Dear Ms. Chase:
The very nature of this series presents a problem or at the very least requires a huge suspension of disbelief of the reader. The first book, Silk is for Seduction, portrays the romance between a dressmaker and a Duke in England. The second book pairs another dressmaker with an Earl. Needless to say, this is akin to lightning striking the same spot twice in one storm.
Yet, I’m willing to move beyond that incredulous platform because your work, for me, has been so stellar. Your work remains the bedrock of my romance reading list. It is with much regret I write that this book disappointed me. It’s not that it is poorly written because I don’t think a Chase book could ever be poorly written however, it relies on gimmicks and implausibilities, and a cast of thousands at times to tell its tale and for the most part, I spent the time in the book shaking my head in disappointment.
Sophia Noirot is the middle sister of the three dressmaking Noirot sisters. Her eldest sister married a wealthy duke yet their shop is in peril because the scandal of a shopkeeper marrying a Duke was driving away customers.
Harry Fairfax, Earl of Longmore, heir to the title of Marquess of Warford, was/is the Duke of Clevedon’s best friend. A strain was placed on their friendship when the Duke of Clevedon jilted Harry’s sister to marry the eldest Noirot sister. One would think that conflict was sufficient to power the pages of the story.
Clara, the jilted sister, is emotionally weak and succumbs to the flirtations of an unscrupulous man and is subsequently ruined by him publicly. Rather than marry this man (as he had planned), Clara runs off. Harry pursues her and Sophy convinces him that Clara will need a woman to confide in.
Complicating this is the survival of the Noirot sisters’ shop. They refuse to take money from the Duke to save it but are battling a dressmaking nemesis who appears to be stealing their designs.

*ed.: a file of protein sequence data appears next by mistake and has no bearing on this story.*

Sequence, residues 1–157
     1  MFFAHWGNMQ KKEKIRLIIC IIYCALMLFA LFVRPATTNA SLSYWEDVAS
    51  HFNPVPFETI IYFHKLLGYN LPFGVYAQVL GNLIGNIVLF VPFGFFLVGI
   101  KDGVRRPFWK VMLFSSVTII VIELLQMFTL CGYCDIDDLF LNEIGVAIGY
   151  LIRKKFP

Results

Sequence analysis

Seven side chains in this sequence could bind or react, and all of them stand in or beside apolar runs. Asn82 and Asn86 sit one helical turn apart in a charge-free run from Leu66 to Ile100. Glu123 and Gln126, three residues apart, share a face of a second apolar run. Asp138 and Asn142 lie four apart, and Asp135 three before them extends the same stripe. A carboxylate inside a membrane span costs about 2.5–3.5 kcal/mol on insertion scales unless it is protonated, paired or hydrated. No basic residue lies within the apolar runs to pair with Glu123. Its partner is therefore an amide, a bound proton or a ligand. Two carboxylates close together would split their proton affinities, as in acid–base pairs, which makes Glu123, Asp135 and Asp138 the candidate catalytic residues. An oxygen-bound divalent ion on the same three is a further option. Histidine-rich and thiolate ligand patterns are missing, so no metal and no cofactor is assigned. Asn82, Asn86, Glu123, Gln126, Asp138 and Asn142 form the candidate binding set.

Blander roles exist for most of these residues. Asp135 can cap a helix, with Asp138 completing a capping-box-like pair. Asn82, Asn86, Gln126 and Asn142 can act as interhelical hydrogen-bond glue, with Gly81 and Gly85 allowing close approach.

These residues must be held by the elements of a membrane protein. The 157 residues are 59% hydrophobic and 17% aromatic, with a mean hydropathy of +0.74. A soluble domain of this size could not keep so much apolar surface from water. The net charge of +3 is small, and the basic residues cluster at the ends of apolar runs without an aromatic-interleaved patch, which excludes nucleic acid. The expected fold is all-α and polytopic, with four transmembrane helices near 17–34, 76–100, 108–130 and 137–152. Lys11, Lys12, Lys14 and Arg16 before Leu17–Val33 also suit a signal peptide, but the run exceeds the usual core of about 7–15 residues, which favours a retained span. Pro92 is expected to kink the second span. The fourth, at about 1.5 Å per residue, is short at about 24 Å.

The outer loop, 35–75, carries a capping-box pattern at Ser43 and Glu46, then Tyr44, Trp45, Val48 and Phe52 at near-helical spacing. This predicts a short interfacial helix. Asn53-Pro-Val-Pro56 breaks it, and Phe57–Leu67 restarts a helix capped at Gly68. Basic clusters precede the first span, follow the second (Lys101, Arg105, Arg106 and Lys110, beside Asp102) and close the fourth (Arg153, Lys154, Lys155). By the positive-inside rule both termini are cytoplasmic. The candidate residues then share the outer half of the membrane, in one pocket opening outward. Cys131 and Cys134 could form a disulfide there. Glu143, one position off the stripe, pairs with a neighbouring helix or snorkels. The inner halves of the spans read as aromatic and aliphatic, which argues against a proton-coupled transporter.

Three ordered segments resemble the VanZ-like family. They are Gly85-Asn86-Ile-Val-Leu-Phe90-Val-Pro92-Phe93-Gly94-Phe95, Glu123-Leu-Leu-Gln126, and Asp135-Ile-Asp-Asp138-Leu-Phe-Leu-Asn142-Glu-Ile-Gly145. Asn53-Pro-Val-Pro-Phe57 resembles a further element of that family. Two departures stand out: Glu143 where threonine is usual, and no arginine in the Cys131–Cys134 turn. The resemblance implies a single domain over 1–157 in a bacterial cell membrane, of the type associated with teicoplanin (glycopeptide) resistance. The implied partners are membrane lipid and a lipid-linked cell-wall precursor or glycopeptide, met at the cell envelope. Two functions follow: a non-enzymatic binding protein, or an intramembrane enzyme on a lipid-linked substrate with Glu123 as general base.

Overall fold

The story is told in three acts. The first act takes place in London and sets the stage for the second act which is the road romance. Harry and Sophy engage in predictable bickering that is thinly disguised as foreplay. Clara is more enterprising than either Harry or Sophy had imagined and they are led on a fairly merry chase.
It is in the second act where I think the story falters the most. Harry is presented as a meathead with more brawn than brains and unfortunately he does little redeem that perception.
“Trickery is your department, Miss Noirot,” he said. “Mine is knocking people about. But I’m flattered that you imagine I’m clever enough to trick you.”
He’s towed along by Sophy as the two pursue Clara. Sophy, a purported master of disguise, puts on one costume after the other. Yet at some points, I felt like her sexuality was subdued to make her appear the ingenue, someone more acceptable to readers but that innocence felt false. Creating a background for Sophy that included learning “how to survive on the streets” but also trying to connect her bloodlines to some family more respectable was an inauthentic attempt to provide plausibility for the ultimate connection between Harry and Sophy. When they refuse to accept money from the Duke to update their salon to make it competitive, the effort to present the sisters as principled was laughable in light of how the Noirot sisters are willing to do most anything to advance their careers, including convincing the jilted former fiancé of the Duke to be dressed by them.
The last act was to convince the readers of the plausibility of their pairing, save Clara from a dreadful marriage, and salvaging the family dressmaking business. By that time, I had gotten frustrated with all the conveniences and contrivances of Act II. What saves the book is the, as always, the remarkable prose and the dry wit and the witty dialogue. I did wonder about the over abundance of ellipses in the writing though.
- Then nothing made sense anymore . . . and everything did, finally.
- She was aware of the size and heat of his phallus . . . inside her.
- When he began to move inside her, she moved instinctively, catching his rhythm in the same way she’d learned his way of kissing . . . as though somehow she’d always known and had simply been waiting for the signal to begin.
- He was not sure any woman who wasn’t a near relative had ever uttered his Chris tian name. She even made it sound . . . French.
- Such a back this was: straight and silky smooth . . . and at its base the beautiful curve and rise of her perfect bottom.
50 Shades of Madame Cartland? C